Age-Dependent Taxation in Emerging Markets: A Quantitative Assessment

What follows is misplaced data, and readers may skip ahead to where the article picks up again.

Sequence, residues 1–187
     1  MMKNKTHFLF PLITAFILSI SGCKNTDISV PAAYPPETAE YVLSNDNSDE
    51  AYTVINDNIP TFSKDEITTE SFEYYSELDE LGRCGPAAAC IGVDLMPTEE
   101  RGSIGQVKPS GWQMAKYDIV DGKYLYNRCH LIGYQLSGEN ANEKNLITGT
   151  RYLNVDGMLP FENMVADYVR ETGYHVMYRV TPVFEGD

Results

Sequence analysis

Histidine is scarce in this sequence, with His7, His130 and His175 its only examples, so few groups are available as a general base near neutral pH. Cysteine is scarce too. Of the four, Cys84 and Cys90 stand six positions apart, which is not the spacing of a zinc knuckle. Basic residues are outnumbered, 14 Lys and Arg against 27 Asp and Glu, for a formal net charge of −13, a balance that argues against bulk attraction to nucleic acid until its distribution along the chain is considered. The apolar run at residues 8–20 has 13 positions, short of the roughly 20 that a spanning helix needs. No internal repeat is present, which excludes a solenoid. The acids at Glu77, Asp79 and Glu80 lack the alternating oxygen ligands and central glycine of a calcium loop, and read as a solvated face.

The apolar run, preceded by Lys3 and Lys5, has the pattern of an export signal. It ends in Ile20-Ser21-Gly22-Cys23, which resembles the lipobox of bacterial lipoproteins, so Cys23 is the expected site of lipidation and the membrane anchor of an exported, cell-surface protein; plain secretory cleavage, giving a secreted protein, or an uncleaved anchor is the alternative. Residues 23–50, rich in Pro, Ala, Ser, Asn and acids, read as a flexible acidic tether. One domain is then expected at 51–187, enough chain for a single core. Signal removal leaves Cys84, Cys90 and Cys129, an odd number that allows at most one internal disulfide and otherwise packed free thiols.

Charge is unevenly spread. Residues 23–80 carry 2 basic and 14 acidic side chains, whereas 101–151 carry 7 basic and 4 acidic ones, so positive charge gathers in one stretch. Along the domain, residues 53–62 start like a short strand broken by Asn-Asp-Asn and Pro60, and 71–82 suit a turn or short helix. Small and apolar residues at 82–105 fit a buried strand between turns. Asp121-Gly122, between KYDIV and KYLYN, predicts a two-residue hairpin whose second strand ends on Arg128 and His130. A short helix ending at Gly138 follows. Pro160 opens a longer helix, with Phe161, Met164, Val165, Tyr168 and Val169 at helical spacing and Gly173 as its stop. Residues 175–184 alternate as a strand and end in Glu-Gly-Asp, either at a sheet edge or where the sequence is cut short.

We study the design, short- and long-run implications of a major reform that sub¬stitutes the pay-as-you-go social security system and the personal income tax scheme, with a simplified age-dependent tax schedule, in the context of an emerging market. Our model features overlapping generations, rich heterogeneity among households and informal labor markets, where informality and unemployment are modeled as exclusion mechanisms. We show that the optimal reform triggers a welfare gain of 6.1% measured in compensated equivalent variations, and that most of such gain is explained by a significant wealth effect triggered by the reform. In the short run, however, the reform produces a 12.8% welfare loss mainly explained by the migra¬tion from a pay-as-you-go social security schedule to a system of private accounts, in which older cohorts during the transition are the ones more affected. The pres¬ence of informality in the labor market, moreover, is key to explain the redistributive consequences of the reform.